Google Squared goes live with mixed results

Google's latest search experiment presents results in spreadsheet form, which could be very useful for researchers if the data returned was useful rather than amusing.

Google Squared developers are quite welcome to join my fantasy baseball team next year. Screenshot by Tom Krazit/CNET

Google turned on Google Squared Wednesday, letting the public test out its attempt to present search results in grid format.

Google Squared was first demonstrated at Google's Searchology event in May , when the company showed off how a query for a category such as "U.S. Presidents" would return a number of results for the gentlemen who have held that office sorted by categories, such as political party, number of terms in office, years in office, as well as any number of customized categories.

This is very much a Google Labs project, far from a complete part of the Google search experience, and early experiments left a lot to be desired. Google Squared finds Web pages that have been indexed, just like with a regular search, but presents them in a spreadsheet format that, if the data was relevant, could potentially be more useful to someone doing research on a particular topic.

For example, take a subject where reams of statistical and historical data can be found on the Internet: baseball.

Google Squared was unable to return any results for "New York Mets third basemen," which was admittedly a joke query on my part based on the fact that the Mets are notorious for having a revolving door at the third base position over their 47-year history; I thought that would produce a long list of names. When I widened the query to just "third basemen," Google Squared came up with the names of seven baseball players who have occupied that position, several of whom are or were prominent players (Matt Williams, Terry Pendleton, and current Mets third baseman David Wright), and one who none of the baseball fans in the office could recall (Ken Reitz).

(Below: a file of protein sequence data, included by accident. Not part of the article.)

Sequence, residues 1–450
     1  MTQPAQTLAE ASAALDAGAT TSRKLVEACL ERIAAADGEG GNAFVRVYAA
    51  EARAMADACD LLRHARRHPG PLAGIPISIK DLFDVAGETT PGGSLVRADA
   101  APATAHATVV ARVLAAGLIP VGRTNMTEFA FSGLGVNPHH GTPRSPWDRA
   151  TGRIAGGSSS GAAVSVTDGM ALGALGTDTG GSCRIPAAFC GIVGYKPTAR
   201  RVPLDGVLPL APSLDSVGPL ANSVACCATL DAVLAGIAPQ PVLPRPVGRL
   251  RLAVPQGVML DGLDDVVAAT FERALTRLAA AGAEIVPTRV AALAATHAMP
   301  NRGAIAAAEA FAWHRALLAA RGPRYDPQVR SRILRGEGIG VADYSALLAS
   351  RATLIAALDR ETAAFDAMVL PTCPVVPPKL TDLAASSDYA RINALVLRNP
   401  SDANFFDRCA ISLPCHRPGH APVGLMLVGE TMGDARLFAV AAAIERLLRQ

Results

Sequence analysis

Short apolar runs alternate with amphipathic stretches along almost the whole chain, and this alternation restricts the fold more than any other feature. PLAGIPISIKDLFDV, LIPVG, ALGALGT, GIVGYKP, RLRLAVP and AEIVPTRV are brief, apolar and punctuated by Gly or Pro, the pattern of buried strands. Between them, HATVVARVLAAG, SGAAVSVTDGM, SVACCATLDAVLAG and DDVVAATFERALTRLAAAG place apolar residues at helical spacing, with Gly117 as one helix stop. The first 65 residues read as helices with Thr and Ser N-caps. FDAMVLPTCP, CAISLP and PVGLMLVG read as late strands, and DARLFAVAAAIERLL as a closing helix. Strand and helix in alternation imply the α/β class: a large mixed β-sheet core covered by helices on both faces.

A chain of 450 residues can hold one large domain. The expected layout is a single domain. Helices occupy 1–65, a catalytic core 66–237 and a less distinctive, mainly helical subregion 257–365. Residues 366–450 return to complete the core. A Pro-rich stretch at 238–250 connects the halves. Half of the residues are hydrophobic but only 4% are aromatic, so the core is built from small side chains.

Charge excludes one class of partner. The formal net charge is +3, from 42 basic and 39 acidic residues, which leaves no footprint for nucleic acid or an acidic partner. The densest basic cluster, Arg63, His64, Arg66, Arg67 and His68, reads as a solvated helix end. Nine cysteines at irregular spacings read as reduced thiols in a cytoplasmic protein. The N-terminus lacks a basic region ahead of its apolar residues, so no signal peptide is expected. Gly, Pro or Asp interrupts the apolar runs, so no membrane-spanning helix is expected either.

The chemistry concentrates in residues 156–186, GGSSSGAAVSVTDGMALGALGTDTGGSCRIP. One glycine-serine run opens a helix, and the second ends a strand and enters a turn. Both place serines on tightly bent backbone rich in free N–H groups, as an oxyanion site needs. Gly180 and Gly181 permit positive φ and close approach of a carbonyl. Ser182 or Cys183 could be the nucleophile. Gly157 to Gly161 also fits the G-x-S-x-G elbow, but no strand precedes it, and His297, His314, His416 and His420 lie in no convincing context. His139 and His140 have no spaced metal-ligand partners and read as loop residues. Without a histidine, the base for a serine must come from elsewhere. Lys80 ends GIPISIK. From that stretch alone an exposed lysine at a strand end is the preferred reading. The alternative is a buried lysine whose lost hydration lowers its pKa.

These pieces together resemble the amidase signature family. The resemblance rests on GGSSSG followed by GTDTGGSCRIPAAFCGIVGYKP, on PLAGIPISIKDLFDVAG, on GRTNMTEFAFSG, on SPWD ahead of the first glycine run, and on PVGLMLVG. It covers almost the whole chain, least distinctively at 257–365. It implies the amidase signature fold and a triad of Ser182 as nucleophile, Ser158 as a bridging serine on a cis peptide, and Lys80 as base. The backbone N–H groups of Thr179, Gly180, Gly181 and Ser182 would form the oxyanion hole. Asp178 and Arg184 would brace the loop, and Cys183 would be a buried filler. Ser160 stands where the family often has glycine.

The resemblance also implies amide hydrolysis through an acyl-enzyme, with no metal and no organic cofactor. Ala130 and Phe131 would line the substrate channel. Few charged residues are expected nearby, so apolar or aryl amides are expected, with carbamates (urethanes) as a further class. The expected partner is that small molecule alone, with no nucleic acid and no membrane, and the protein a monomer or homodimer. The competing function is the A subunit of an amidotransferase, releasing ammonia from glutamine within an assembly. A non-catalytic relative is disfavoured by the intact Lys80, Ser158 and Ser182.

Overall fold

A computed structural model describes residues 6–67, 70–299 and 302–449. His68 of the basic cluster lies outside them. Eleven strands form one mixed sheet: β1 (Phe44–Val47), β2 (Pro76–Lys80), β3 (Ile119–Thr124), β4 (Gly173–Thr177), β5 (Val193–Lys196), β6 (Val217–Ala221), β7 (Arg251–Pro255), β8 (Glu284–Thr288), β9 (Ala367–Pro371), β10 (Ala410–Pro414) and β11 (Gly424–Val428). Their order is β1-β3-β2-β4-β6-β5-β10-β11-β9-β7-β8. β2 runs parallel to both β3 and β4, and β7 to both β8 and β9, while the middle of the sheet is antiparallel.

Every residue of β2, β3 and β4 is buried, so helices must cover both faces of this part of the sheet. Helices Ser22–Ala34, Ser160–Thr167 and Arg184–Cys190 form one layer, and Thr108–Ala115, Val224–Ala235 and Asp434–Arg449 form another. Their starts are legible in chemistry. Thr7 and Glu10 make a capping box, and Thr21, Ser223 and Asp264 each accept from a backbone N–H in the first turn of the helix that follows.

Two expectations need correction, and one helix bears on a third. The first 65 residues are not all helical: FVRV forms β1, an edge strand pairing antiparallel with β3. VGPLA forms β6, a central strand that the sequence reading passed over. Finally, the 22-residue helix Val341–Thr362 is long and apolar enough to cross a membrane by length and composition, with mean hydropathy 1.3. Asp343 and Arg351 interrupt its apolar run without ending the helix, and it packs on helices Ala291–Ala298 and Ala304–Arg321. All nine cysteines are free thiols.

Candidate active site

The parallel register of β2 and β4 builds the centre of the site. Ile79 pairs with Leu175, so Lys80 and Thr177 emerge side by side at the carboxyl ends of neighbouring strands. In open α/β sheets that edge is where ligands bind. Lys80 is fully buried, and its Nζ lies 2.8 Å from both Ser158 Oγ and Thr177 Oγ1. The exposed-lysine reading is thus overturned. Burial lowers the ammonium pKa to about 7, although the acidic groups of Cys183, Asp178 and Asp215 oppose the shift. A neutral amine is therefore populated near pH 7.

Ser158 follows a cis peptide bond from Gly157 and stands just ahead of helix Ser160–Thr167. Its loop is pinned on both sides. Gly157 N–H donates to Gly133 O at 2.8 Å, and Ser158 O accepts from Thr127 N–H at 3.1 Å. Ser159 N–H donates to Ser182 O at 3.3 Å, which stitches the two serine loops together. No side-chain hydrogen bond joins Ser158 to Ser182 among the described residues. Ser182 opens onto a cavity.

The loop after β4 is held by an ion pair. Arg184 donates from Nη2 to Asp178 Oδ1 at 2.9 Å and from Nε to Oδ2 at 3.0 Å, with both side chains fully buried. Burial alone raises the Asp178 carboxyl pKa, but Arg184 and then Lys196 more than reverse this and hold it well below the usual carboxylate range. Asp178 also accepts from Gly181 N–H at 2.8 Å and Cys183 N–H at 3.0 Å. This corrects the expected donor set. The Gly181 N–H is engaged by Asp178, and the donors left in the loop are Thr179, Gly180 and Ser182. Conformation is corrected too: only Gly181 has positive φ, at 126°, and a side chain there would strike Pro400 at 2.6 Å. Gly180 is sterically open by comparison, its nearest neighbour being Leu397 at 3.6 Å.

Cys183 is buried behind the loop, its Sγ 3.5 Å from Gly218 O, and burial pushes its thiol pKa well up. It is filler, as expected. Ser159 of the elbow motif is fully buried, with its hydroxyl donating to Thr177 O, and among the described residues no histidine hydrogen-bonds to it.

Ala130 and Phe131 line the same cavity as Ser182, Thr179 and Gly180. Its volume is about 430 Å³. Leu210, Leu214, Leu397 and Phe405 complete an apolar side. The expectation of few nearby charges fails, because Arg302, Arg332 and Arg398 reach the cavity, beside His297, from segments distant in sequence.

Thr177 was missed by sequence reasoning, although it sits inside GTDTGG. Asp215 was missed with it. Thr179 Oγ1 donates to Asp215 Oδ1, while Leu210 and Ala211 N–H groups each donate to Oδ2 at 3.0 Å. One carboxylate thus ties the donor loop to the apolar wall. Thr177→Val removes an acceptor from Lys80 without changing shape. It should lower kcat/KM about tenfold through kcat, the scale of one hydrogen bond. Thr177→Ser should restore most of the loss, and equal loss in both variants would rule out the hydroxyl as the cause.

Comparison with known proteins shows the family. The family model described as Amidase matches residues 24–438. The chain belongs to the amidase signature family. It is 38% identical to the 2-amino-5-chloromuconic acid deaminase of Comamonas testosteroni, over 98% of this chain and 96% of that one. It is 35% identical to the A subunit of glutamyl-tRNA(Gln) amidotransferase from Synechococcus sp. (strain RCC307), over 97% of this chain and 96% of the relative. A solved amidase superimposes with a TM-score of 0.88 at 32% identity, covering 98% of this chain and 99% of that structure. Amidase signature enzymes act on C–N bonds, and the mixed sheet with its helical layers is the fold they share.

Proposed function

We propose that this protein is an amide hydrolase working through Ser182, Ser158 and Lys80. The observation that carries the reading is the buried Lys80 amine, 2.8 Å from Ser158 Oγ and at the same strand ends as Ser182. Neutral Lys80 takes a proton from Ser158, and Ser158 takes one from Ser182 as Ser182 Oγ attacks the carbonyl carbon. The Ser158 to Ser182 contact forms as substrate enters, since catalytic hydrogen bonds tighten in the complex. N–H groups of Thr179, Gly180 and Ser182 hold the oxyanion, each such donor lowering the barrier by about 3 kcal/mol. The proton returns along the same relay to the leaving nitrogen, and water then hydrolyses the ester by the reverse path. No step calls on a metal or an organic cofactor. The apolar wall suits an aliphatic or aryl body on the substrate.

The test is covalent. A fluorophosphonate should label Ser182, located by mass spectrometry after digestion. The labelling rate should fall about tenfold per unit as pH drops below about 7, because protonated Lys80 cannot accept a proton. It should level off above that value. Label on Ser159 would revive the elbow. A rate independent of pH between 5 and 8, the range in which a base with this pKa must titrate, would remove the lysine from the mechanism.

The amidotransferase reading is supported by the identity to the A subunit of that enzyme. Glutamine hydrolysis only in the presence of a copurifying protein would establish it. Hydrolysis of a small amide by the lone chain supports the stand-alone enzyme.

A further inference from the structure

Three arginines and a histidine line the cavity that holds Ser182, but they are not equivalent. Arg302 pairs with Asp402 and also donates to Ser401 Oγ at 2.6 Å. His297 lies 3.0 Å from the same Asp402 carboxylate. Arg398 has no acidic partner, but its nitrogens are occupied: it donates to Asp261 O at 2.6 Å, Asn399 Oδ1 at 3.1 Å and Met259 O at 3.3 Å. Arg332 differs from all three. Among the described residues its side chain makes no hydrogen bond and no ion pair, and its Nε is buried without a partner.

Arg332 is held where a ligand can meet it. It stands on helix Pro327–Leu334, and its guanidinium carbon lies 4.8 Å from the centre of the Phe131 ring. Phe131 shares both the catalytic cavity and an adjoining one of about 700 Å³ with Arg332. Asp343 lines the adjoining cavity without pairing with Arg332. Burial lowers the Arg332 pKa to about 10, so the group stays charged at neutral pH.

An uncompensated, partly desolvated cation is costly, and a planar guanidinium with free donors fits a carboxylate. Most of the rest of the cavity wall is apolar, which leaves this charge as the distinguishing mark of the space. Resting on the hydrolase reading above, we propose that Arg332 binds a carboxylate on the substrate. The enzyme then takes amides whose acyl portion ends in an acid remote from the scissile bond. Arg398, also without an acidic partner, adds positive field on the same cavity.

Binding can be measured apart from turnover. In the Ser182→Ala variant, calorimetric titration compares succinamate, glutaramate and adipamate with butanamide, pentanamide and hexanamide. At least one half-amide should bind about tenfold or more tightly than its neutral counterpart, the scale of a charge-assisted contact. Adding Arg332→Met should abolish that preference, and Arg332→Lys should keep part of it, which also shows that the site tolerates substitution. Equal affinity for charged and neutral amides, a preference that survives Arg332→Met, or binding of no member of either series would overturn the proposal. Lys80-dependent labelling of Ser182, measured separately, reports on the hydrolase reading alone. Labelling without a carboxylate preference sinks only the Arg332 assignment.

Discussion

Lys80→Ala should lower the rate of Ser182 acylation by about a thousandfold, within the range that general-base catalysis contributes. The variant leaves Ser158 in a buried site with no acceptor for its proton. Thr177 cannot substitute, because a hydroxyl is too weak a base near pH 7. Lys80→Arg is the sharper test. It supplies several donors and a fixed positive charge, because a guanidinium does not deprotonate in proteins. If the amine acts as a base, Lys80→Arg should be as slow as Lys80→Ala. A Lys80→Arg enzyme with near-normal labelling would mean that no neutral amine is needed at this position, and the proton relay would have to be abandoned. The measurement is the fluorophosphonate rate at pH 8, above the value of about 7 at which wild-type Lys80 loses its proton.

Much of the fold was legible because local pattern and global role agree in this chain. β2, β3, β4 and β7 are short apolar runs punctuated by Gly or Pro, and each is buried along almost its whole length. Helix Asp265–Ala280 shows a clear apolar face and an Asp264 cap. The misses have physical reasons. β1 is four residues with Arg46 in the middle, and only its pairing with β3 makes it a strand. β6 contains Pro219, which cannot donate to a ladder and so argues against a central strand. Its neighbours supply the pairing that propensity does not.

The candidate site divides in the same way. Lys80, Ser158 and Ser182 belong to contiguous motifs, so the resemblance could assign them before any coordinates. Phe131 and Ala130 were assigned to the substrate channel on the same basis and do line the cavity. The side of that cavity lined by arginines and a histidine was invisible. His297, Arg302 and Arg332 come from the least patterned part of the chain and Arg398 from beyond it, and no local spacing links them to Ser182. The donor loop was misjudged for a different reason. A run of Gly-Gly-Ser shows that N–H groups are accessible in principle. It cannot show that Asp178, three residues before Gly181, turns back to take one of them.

The search produced results for several relevant categories, such as a description of the player, date of birth, and whether they batted left or right. But when I tried to suggest additional categories, such as "All-Star," it was only able to find one appearance in the All-Star game by David Wright, missing appearances by Terry Pendleton and Robin Ventura.

Likewise, Google Squared suggested "Batting Average" as an additional category, but failed to return any results. That's a statistic that can be easily found on the Web for any player, living or dead, with a regular Google search.

A simpler search for just "baseball teams" produced several current Major League Baseball teams, but also helpfully provided the schedule for this year's Williamette University Bearcats squad, which finished the regular season with a 21-17 record.

But when a product was entered into Google Squared, the technology showed its promise, such as in this list of search results for "Nikon" that lists several different models of Nikon digital cameras along with specifications and features. Search Engine Land also noted helpful results for a search on "U2 albums."

Google's not trying to pretend this technology is ready for prime time, and with good reason: lots of refinements will be needed to turn it into a useful tool. Let us know how your experiments with Google Squared turn out.

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About the author

    Tom Krazit writes about the ever-expanding world of Google, as the most prominent company on the Internet defends its search juggernaut while expanding into nearly anything it thinks possible. He has previously written about Apple, the traditional PC industry, and chip companies. E-mail Tom.

     

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